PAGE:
• Category: TV Reviews
  • Written by Rick Ellis

Review: 'National Treasure'

There's an old adage that says we all have two faces: the one we show the rest of the world and the one we show ourselves. No matter how intimately someone knows you, no matter how deeply they think they understand your soul, even the closest people only see parts of you. We all carry around hidden shames, buried fears and the consequences of bad decisions we can barely stand to contemplate.

Celebrities or other public figures also have the face they share with the public. Even the most honest vision of a celebrity is just a construct of fandom, reality and the public's desire to think the best of the people they admire. It's jarring to realize how little the public really knows about their most beloved celebrities. That's especially the case when it comes to celebrities who harbor dark secrets.

The four-episode miniseries "National Treasure" premieres on Hulu this Wednesday and it is a tautly-wound and magnificently accounting of a beloved celebrity's very public fall from grace. Written by "Harry Potter and the Cursed Child" screenwriter Jack Thorne, it stars Robbie Coltrane as Paul Finchley, a beloved comedian who is unexpectedly accused of committing two rapes back in the 1970s. It comes from the U.K.'s Channel 4, which premiered it last fall.

"National Treasure" initially focuses on Finchley's very public struggles with the rape charges. Coltrane's affable, slightly doughy persona makes it initially difficult to believe that the comic could be capable of such acts. And yet, there's also this dour, dark side to his personality that always seems to be lingering just below the surface.

But what really makes "National Treasure" a - forgive me - treasure to watch is how the accusations and resulting public attention shatter the fragile veneer of normality that holds his broken family together. From his fan's perspective, Finchley seems to be a pretty great guy. But as the story unwinds, it's clear that almost nothing about his life is what it appears to be. Finchley's hidden side isn't just out of view, it's filled with dark secrets that no one around him has been willing to confront.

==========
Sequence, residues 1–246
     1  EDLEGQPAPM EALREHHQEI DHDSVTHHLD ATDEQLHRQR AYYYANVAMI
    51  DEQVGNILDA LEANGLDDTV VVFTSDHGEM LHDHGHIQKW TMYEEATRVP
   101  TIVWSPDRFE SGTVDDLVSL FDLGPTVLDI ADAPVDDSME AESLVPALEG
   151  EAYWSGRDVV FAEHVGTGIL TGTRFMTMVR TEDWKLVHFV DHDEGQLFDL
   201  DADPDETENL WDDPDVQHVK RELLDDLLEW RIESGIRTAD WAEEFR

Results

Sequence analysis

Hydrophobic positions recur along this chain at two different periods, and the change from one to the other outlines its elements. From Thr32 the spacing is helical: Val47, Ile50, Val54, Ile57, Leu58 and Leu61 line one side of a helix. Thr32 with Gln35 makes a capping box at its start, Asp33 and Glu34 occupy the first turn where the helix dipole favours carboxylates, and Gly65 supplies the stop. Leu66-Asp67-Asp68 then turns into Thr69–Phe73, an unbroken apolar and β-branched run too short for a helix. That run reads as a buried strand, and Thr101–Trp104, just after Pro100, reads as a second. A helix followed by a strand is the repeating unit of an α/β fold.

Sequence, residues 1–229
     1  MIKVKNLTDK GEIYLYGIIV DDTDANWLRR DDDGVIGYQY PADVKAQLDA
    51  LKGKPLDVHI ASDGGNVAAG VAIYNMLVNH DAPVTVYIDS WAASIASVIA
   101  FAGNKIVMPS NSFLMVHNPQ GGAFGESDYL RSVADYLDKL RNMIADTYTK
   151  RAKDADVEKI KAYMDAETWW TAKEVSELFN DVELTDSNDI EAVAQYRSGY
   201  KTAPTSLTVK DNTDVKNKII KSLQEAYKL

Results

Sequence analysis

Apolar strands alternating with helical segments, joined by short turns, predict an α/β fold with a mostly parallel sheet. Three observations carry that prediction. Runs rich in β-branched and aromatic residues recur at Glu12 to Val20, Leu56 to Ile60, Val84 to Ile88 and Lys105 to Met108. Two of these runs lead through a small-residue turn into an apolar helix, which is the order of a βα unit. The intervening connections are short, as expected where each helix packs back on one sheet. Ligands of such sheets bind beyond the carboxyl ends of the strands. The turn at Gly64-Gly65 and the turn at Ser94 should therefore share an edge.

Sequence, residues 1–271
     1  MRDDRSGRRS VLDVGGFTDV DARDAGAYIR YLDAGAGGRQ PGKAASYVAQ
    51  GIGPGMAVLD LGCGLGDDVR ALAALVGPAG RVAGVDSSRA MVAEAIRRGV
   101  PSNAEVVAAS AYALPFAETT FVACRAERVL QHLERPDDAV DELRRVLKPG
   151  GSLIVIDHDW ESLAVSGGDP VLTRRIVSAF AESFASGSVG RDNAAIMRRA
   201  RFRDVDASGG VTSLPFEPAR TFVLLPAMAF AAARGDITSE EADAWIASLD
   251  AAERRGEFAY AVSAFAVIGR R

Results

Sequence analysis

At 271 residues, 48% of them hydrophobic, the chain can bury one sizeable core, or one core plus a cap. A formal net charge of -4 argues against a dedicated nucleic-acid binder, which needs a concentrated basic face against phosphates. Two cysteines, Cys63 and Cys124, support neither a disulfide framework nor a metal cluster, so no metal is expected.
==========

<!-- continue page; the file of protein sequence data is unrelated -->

While Coltrane might nominally be the star of the miniseries, the core of the story is Finchley's long-suffering wife and daughter. Julie Waters plays Marie, his devoutly Catholic who is devoted enough to her husband to forgive his cheating. But as the case unfolds, she begins to realize that she chose to also ignore some darker aspects of his personality. Daughter Dee (Andrea Riseborough) is a deeply troubled and confused woman who is currently living in a drug halfway house. She struggles internally to determine if the accusations against her father could be true. Is he really capable of such things?

While "National Treasure" can be a bit heavy-handed at times, the story resolves itself in a way that manages to be both surprising and cynically true to the real world. Finchley's guilt or innocence is ambiguous to the end without feeling manipulative or predictable. "National Treasure" is an impressive and wonderfully acted miniseries that will leave you feeling exhausted and sadly cynical about the modern world of celebrity adulation.

"National Treasure" premieres on Hulu on Wednesday, March 1st, 2017.